Wolfgang Amadeus wasn’t particularly happy in the city, but
Watching Tony Palmer’s excellent ‘The
What came to my mind was how obviously stuffy classical music can be, and how full of themselves many performers are. Museums are important, but there certainly is life outside their walls. Eventually even the Salzburg Festival was able to, or forced to, depending on one’s view, evolve and modernize its offerings. Many traditionalists naturally protested any change, but isn’t this the case with most major music institutions today with their graying audiences? Evolution happens through experimentation and not every change is a success. However, we cannot often foresee what works and what doesn’t. In business we in this country, as well as in Europe, try to create a finished and final product and then market it. The Japanese model seems to work better: a lot more products enter the store shelves and, like in nature, it is survival of the fittest from that point on.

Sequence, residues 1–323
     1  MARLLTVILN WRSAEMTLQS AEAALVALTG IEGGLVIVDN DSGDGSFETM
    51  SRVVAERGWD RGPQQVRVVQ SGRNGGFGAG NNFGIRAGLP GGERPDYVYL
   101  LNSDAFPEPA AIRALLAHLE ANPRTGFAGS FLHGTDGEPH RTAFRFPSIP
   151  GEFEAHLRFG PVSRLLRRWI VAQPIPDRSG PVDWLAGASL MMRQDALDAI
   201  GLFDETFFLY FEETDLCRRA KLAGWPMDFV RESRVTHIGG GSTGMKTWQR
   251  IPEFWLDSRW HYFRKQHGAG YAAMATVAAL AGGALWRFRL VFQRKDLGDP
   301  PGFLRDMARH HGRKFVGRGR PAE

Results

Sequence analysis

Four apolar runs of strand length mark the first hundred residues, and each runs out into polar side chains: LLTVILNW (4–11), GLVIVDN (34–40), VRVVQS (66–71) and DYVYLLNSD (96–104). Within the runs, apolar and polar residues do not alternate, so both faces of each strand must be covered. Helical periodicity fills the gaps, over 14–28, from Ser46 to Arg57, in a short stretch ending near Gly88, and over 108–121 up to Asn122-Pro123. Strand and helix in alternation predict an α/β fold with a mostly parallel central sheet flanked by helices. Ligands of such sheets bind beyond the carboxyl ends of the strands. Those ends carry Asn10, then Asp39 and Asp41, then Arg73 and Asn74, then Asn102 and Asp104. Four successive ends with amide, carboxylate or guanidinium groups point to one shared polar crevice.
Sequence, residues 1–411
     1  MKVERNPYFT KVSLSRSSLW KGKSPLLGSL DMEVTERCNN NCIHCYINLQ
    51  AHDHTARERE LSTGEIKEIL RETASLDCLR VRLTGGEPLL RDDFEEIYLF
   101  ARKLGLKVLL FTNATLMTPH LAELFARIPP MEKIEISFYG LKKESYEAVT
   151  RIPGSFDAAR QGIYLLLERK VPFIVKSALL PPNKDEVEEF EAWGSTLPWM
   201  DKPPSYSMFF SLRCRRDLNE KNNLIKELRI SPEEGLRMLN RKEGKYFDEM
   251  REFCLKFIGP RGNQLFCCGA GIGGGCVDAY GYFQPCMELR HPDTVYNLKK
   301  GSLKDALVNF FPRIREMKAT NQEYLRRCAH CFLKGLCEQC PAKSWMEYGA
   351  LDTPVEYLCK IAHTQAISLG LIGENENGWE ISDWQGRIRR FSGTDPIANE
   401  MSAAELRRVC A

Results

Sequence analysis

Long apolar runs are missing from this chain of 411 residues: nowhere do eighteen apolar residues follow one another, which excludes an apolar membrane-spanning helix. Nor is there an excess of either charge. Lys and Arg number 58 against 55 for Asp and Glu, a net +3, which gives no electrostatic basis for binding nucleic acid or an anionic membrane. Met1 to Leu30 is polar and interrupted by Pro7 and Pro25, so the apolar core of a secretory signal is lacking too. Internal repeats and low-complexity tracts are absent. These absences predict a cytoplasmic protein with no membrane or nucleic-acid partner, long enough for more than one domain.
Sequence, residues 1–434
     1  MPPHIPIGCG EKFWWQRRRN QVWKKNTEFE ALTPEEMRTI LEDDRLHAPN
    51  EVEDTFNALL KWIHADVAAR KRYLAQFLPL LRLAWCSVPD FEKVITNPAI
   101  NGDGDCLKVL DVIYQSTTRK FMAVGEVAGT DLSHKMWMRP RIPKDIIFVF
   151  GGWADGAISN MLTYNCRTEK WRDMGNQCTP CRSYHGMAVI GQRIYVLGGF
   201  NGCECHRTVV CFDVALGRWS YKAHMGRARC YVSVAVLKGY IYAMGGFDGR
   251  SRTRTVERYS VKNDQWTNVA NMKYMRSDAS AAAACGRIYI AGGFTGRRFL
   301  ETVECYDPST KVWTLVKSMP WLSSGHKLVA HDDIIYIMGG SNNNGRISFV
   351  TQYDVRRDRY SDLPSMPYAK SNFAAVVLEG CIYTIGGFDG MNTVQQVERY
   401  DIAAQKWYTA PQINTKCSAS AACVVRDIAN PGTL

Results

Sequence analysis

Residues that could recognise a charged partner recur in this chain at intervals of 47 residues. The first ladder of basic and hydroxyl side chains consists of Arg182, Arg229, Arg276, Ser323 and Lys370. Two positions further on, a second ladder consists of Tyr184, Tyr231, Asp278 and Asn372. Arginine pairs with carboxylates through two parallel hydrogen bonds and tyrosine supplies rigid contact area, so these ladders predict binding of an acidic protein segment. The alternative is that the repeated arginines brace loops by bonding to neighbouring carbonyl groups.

Teaching means passing on a tradition, hopefully a worthy one. Although I feel like violin playing as an art form reached its climax many decades ago, and luckily I was able to hear some of its greats and even work with some, I try to keep an open mind. At some point, somewhere, the next successful evolutionary step will be taken, even if it won’t happen right now.
Looking at various conductors in the documentary, I realize what a golden time the present is for that profession: so many leading orchestras are in search of new music directors. In addition to Barenboim and Eschenbach leaving, Salonen in